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Expo Weerlicht and the Bridging Perspectives project

For the past six months, Jenny van den Broeke – a researcher from our Situated Art & Design research group, has been working with St. Joost’s minor in Arts & Humanity as a teacher and researcher, drawing on her ‘Bridging Perspectives’ project to help shape the curriculum.

On Friday, January 20th, the students’ exhibition opened in Electron, Breda. This exhibition, which was open until the afternoon of Sunday January 22nd, was a great success and welcomed many visitors.

The forty students on the course were assigned a question set by the city of Breda: how might we reduce inequality of opportunity in the city? In response, the students used artistic research to investigate how artistic work can make an impact on social issues including hidden poverty, the insecurity of transgendered bodies in Brabant, and self-love as a means of strengthening bonds in the city.

On the afternoon of Friday 20th the students presented their process, insights, and work to the Verbeter Breda network. Attendees included Gemeente Breda, Sterk Huis, Ambachtelijk Breda, and lecturers and researchers from ‘Care around the end of life’ and Social Studies lectorates.

Further information on the exposition can be found on the Verbeter Breda site.arrow

Bridging Perspectives

How can situated design contribute to dealing with misunderstood behaviour?

The number of incidents involving persons with disturbed behaviour is rising year on year. Reports registered by the police with the code E33 have increased from 74.936 in the year 2016 to 90.636 in 2018, and 102.353 in 2020. Behind these figures lie human suffering and social nuisance. Psychoses, dementia, suicidal behaviours, and other worrying situations can be misunderstood by neighbours or family. In the aftermath of police reports and social worker intervention, stories of these situations often end up in the hands of administrators and in the media, where the sufferers are discussed as ‘persons with disturbed behaviour’. Those who are given this label are deprived of their social selfhood, separated from regulated society .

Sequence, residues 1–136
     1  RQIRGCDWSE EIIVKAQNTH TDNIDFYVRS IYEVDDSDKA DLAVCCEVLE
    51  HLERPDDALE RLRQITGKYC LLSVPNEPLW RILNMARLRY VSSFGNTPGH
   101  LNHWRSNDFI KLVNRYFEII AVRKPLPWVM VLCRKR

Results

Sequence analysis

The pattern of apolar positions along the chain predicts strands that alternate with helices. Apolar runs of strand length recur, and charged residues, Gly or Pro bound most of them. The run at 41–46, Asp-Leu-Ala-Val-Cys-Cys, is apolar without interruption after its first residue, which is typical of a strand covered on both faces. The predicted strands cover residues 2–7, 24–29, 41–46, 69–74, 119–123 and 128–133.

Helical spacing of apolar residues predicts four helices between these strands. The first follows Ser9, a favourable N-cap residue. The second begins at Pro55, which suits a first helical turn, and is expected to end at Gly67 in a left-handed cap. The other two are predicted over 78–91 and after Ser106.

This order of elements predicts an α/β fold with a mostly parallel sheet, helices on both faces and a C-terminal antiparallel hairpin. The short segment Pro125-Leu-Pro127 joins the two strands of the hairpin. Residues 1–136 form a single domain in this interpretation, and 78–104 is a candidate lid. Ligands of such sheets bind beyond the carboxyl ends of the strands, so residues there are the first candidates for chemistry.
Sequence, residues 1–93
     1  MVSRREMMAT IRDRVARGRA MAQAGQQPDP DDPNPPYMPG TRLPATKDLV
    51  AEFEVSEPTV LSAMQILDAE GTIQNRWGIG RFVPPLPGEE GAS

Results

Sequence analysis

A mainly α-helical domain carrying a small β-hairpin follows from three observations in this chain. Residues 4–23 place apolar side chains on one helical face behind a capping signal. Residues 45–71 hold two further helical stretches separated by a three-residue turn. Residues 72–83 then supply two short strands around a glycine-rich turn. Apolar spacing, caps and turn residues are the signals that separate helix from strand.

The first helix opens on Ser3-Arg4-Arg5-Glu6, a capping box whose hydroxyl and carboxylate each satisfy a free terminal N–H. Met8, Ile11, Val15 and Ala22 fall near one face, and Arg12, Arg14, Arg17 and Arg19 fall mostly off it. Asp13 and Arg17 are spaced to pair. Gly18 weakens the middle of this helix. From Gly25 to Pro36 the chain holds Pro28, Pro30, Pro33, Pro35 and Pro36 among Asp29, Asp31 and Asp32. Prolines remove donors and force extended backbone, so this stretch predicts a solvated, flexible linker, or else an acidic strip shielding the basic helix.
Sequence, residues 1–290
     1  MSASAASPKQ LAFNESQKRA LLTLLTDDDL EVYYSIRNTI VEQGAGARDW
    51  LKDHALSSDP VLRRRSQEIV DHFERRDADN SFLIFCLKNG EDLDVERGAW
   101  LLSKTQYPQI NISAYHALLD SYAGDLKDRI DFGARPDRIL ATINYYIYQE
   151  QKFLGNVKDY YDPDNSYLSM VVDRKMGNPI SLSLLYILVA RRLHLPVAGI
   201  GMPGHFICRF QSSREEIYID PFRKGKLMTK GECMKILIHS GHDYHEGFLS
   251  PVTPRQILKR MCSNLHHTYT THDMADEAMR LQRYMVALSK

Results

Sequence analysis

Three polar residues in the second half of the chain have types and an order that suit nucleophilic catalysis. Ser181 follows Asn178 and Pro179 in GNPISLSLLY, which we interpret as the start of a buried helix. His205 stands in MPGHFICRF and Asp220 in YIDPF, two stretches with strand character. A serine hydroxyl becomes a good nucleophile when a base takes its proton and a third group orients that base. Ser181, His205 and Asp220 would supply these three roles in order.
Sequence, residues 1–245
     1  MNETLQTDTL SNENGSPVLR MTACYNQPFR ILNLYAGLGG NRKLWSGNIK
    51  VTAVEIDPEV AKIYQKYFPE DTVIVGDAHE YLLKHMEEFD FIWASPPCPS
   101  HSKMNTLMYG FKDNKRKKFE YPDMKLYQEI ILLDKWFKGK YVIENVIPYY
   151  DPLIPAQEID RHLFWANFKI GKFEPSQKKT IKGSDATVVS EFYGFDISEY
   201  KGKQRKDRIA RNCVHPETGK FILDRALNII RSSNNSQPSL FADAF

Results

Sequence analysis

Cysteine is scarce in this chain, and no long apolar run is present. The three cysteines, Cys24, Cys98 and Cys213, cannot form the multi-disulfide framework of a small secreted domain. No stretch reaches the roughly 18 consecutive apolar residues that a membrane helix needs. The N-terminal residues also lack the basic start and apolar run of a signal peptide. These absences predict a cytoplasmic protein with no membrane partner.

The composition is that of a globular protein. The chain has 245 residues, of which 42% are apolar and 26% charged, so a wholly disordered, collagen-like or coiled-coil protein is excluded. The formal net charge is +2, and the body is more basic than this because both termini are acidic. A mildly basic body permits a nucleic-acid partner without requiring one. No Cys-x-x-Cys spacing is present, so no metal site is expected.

A participation society calls for understanding and inclusiveness: at home, on the street, at school, and at work. Everyone must participate, everyone contributes. Friends, neighbours, relatives and colleagues comprise the social bedrock in which ‘people with confused behaviour’ live. How can artists and designers, as part of this bedrock, contribute to mutual understanding between those who need to relate to each other?

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‘Imagination is the key to a strong inclusive society. Artistic work and situated design can contribute to a better understanding of the other.’

Jenny van den Broeke is a researcher within the Situated Art and Design research group, and a tutor on the Photography, Film & the Digital study programme at St. Joost school of Art & Design in Breda. In her own practice she works as a trainer, director, and producer of artistic projects that address social topics.


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Research Group: Situated Art and Design

Living in cities developed around data and acting within the inscrutable structure of our techno-society demands art and design that can help understand how we relate to these rapidly changing surroundings and to reflect on that relationship. The research group Situated Art and Design responds to this exigency by fostering a situated turn in art and design through a diverse portfolio of interdisciplinary research projects in partnership with academic and cultural partners, as well as with government and industry.

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